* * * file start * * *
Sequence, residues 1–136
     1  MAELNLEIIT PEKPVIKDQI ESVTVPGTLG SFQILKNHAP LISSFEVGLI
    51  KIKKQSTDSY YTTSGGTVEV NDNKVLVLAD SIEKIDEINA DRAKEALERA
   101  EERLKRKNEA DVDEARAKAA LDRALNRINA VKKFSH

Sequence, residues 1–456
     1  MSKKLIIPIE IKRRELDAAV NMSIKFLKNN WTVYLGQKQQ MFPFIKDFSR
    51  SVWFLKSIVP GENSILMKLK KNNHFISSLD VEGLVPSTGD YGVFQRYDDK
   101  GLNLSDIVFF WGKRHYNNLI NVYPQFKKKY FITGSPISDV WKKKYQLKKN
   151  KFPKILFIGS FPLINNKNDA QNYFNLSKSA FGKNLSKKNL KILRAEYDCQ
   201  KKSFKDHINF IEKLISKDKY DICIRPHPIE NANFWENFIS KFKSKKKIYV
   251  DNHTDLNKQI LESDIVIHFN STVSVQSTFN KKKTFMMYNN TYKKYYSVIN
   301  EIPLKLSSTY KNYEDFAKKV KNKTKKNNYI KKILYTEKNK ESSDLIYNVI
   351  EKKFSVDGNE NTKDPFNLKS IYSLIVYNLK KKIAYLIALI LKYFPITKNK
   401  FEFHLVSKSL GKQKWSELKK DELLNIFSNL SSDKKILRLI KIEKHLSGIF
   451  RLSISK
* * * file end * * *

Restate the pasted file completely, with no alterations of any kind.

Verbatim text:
Sequence, residues 1–136
     1  MAELNLEIIT PEKPVIKDQI ESVTVPGTLG SFQILKNHAP LISSFEVGLI
    51  KIKKQSTDSY YTTSGGTVEV NDNKVLVLAD SIEKIDEINA DRAKEALERA
   101  EERLKRKNEA DVDEARAKAA LDRALNRINA VKKFSH

Sequence, residues 1–456
     1  MSKKLIIPIE IKRRELDAAV NMSIKFLKNN WTVYLGQKQQ MFPFIKDFSR
    51  SVWFLKSIVP GENSILMKLK KNNHFISSLD VEGLVPSTGD YGVFQRYDDK
   101  GLNLSDIVFF WGKRHYNNLI NVYPQFKKKY FITGSPISDV WKKKYQLKKN
   151  KFPKILFIGS FPLINNKNDA QNYFNLSKSA FGKNLSKKNL KILRAEYDCQ
   201  KKSFKDHINF IEKLISKDKY DICIRPHPIE NANFWENFIS KFKSKKKIYV
   251  DNHTDLNKQI LESDIVIHFN STVSVQSTFN KKKTFMMYNN TYKKYYSVIN
   301  EIPLKLSSTY KNYEDFAKKV KNKTKKNNYI KKILYTEKNK ESSDLIYNVI
   351  EKKFSVDGNE NTKDPFNLKS IYSLIVYNLK KKIAYLIALI LKYFPITKNK
   401  FEFHLVSKSL GKQKWSELKK DELLNIFSNL SSDKKILRLI KIEKHLSGIF
   451  RLSISK